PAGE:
After that debate is resolved by the Supreme Court—whether the right at question is the right to marry or the right to marry someone of the opposite gender—then the state’s laws banning same-sex marriage would be taken under consideration. If “the right to marry” is indeed the right in question, then it is a fundamental one, and so the bans are subjected to “strict scrutiny,” which places the burden on the defendants to prove why they are not violating the fundamental right, only using the original legislative arguments. However, if the “right to marry someone of the same sex” is the right in question, it has to be classified as a new fundamental right or not. If it isn’t, the bans only undergo “rational basis” review, which means that the plaintiffs have to prove every explanation the defendants provide for the law irrational.
Although the three cases are very similar, they do differ in ways that, if one is accepted by the Court and not another, could mean slightly different national precedents if the Court ruled on them. In the Virginia case, the fervor of the ban is unmatched—not only does its ban deny marriage to same-sex couples, but it also seeks to deny them from acquiring any of the rights of marriage through other means, such as civil unions or domestic partnerships. The plaintiffs, two couples, each represent one aspect of the ban’s two-pronged scope: the denial of both in-state marriage licenses as well as out-of state marriage licenses. In the Utah case, the defendants’ case relies more heavily on the claim that the state is being deprived of its right to define marriage, “disenfranchising” millions of its voters. Because the Constitution doesn’t define marriage, and the Supreme Court only deems the “right to marry” as a fundamental right, Utah claims that it has been delegated the right to define what “marry” means. The defendants claim that the Tenth Circuit’s ruling undermines democracy, and the federal system.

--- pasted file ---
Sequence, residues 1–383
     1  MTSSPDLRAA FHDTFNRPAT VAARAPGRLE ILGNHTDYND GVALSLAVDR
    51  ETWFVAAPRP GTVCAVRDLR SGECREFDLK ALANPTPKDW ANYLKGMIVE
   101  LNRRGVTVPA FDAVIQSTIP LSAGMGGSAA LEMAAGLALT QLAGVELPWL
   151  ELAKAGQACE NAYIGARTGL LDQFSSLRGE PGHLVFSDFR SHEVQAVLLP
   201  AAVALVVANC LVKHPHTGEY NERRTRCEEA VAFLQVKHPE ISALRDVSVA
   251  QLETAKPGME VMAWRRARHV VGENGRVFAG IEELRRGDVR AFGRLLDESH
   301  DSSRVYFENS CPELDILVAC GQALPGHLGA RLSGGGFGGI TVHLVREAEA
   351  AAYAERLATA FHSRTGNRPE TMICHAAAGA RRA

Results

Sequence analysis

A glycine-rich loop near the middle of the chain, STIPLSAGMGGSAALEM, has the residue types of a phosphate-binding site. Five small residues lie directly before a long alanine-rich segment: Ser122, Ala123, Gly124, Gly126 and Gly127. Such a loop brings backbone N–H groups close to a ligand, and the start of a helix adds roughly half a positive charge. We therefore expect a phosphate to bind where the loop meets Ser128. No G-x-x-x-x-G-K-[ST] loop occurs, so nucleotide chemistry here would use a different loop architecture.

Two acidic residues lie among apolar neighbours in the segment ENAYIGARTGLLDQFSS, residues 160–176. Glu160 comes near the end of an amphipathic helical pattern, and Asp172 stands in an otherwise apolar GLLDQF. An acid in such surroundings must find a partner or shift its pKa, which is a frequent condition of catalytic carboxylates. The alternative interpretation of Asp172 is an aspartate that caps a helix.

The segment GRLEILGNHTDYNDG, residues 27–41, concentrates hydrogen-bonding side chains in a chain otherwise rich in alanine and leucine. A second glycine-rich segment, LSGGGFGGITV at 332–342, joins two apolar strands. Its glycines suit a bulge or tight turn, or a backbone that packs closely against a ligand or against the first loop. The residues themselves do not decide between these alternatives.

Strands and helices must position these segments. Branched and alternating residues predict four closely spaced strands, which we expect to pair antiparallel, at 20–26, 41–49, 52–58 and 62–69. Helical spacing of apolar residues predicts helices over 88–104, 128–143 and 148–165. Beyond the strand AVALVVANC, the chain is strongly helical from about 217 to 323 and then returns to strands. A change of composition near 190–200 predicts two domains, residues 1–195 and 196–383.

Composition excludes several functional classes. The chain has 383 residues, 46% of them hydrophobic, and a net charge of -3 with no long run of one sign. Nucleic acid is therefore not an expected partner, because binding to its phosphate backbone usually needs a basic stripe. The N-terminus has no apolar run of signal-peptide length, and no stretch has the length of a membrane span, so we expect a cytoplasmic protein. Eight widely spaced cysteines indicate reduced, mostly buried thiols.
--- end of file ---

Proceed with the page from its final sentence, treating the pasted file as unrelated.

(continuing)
In the Oklahoma case, more emphasis is placed by the defendants on the suspect nature of same-sex parenting. They note the uneasiness of young adults who don’t know their biological parents, or are conceived through sperm donation, though arguments from the other side rebut these claims as largely unfounded, while conflict in the social science community over that issue has also provided little evidence for the claim. It’s clear that any of these cases, if presented before the Supreme Court, will set a far-reaching precedent for marriage equality. It’s also clear that although the ideologies involved are relatively uncomplicated (pro-same-sex marriage, anti-same-sex marriage), the choices of arguments used to support them are not.
-Christopher Dietz ’16